An overview of the biology of the desiccation-tolerant resurrection plant Myrothamnus flabellifolia.

Journal Article


Journal Title

Annals of Botany

Journal ISSN
Volume Title

Oxford University Press


University of Cape Town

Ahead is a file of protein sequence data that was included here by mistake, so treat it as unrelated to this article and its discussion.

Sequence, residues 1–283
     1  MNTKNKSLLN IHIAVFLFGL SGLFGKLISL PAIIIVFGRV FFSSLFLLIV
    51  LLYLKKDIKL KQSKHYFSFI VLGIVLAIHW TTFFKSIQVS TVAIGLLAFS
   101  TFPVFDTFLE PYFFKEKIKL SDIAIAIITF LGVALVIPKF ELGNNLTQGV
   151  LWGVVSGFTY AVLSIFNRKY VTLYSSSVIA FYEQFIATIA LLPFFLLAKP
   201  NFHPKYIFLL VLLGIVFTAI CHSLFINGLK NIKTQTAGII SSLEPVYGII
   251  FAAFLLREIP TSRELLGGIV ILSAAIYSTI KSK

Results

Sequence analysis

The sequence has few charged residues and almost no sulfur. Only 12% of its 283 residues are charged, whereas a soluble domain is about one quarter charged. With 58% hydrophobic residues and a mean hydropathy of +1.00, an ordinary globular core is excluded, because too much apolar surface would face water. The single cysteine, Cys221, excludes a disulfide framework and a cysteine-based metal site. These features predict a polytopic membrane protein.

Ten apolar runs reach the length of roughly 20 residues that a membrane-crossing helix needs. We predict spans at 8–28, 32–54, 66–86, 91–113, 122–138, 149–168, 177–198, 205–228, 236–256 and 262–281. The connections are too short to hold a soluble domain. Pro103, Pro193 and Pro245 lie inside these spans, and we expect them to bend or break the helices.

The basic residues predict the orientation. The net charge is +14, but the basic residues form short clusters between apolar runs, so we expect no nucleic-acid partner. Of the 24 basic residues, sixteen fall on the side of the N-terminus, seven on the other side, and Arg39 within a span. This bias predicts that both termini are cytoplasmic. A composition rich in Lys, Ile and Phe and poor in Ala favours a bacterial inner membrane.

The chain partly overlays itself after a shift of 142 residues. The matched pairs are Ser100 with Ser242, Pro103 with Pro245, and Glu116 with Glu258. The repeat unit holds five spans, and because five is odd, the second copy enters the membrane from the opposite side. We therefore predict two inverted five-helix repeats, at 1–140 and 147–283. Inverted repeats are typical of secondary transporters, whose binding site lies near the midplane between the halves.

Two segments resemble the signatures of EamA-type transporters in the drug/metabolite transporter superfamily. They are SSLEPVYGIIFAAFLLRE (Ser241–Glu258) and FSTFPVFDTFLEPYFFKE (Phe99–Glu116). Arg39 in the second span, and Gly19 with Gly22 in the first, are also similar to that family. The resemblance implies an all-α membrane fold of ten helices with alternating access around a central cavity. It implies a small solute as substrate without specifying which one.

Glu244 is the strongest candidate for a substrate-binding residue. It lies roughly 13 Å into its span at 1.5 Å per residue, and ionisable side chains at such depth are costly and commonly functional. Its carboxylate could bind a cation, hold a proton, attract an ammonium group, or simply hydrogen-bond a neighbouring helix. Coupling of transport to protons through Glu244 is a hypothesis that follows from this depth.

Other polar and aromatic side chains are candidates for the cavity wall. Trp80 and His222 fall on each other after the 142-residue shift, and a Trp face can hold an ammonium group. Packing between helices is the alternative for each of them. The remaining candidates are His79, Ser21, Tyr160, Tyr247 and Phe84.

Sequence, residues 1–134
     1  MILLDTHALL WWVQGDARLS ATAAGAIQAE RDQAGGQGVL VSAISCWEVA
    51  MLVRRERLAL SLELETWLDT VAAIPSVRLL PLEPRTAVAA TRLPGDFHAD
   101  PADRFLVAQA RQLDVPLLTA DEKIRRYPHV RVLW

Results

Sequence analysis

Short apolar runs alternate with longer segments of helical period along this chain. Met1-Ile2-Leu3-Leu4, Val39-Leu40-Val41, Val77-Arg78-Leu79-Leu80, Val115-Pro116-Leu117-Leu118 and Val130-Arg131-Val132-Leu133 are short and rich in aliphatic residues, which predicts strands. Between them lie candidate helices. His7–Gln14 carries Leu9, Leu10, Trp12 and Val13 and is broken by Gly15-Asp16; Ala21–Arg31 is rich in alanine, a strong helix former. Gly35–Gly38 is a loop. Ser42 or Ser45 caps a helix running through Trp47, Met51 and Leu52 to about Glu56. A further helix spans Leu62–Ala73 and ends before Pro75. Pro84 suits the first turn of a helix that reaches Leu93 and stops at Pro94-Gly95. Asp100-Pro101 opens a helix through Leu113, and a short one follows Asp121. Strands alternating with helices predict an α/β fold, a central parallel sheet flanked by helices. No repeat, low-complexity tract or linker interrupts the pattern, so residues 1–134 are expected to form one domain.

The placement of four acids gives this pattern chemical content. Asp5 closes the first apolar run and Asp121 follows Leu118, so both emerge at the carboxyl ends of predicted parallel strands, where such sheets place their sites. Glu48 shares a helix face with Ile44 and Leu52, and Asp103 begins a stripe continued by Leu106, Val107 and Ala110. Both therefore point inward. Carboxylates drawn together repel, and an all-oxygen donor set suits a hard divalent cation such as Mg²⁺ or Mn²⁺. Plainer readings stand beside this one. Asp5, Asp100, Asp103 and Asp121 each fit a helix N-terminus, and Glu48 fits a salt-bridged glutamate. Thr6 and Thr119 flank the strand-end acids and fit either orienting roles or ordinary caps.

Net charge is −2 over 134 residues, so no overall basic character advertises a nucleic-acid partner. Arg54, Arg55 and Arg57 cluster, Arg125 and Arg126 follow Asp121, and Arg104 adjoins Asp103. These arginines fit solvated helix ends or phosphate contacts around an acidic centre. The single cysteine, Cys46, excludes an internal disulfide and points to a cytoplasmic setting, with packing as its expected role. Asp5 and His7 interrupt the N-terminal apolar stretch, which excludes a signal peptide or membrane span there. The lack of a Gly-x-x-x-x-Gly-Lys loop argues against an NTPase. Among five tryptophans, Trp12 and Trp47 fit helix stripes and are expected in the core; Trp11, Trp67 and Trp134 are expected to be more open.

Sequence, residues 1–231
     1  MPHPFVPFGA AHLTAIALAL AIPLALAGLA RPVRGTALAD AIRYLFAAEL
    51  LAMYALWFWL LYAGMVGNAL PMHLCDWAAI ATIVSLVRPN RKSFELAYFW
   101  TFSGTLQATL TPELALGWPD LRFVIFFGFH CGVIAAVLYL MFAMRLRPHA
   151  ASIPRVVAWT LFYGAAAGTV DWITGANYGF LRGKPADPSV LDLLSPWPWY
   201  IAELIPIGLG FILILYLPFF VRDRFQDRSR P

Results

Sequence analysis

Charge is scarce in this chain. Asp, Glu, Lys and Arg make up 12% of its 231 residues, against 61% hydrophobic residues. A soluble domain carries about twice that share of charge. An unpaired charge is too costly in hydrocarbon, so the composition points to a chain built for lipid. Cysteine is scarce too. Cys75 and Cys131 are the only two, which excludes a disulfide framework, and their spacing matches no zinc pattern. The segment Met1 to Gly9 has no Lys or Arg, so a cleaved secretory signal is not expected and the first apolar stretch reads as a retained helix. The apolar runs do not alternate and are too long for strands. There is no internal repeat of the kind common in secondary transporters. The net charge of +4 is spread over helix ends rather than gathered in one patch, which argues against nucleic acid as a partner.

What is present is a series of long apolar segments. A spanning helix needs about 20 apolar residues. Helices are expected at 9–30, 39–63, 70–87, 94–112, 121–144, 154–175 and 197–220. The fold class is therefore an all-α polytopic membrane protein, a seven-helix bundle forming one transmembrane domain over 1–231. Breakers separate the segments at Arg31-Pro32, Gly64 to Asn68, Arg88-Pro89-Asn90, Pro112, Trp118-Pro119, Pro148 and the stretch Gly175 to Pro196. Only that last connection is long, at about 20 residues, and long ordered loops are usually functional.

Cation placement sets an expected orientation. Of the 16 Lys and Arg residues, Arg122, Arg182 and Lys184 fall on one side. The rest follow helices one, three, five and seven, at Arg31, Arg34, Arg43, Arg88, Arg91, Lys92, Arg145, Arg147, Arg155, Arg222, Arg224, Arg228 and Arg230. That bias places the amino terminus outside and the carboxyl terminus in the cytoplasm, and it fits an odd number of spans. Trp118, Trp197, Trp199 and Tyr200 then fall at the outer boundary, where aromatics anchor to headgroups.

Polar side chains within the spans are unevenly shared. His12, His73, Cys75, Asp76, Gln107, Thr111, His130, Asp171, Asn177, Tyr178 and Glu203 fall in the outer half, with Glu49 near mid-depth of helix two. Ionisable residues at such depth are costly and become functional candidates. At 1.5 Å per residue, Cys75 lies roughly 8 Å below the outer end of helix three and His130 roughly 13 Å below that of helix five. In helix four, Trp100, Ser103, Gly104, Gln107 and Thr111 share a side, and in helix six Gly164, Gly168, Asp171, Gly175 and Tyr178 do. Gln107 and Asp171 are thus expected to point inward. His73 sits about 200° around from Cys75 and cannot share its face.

Myrothamnus flabellifolia (Welw.) is a relatively large resurrection plant, a woody shrub between 0.5 m and 1.5 m tall (Sherwin et al., 1998) that grows on rock inselbergs (Porembski and Barthlott, 2000) throughout southern Africa (Weimarck, 1936; Van Wyk et al., 1997; Glen et al., 1999). The plant was first recorded in 1859 by Friedrich Welwitsch, who named the plant Myrothamnus (myron meaning aromatic and thamnos meaning bush) flabellifolia (meaning fan-like leaves) (Puff, 1978a; Glen et al., 1999), the leaves having a balsamic-like odour (Puff, 1978a; Glen et al., 1999). Weiss (1906) was the first to note the ‘miraculous manner’ with which the desiccated plant revived when supplied with water (Fig. 1A, B). Myrothamnus flabellifolia occupies an important position in traditional African folklore and medicine (Watt and Breyer-Brandwijk, 1962; Hutchings, 1996; Van Wyk et al., 1997). The Zulu name for the plant is ‘uvukwaba- file’ (wakes from the dead). The reviving ability is believed to be passed on to the ill person during treatment (Hutchings, 1996; Van Wyk et al., 1997). The plant is a geophyte possessing an extensive root system which extends into the crevices of the rocky slopes upon which it grows (Child, 1960; Glen et al., 1999). Myrothamnus flabellifolia can dehydrate its vegetative tissue, in particular its leaves, to an air-dry state. In this state, the leaves and stem segments curl and change colour from green to dullbrown (Farrant et al., 1999; Glen et al., 1999). When water is provided to the roots the plant re-hydrates its desiccated tissue and returns to its original colour and shape (Glen et al., 1999; Farrant et al., 2003). Since the last review on M. flabellifolia was written many years ago (Puff, 1978a) and since considerable work has been published in the last decade, this review focuses on recent advances in the understanding of the physiology, biochemistry and chemistry of M. flabellifolia.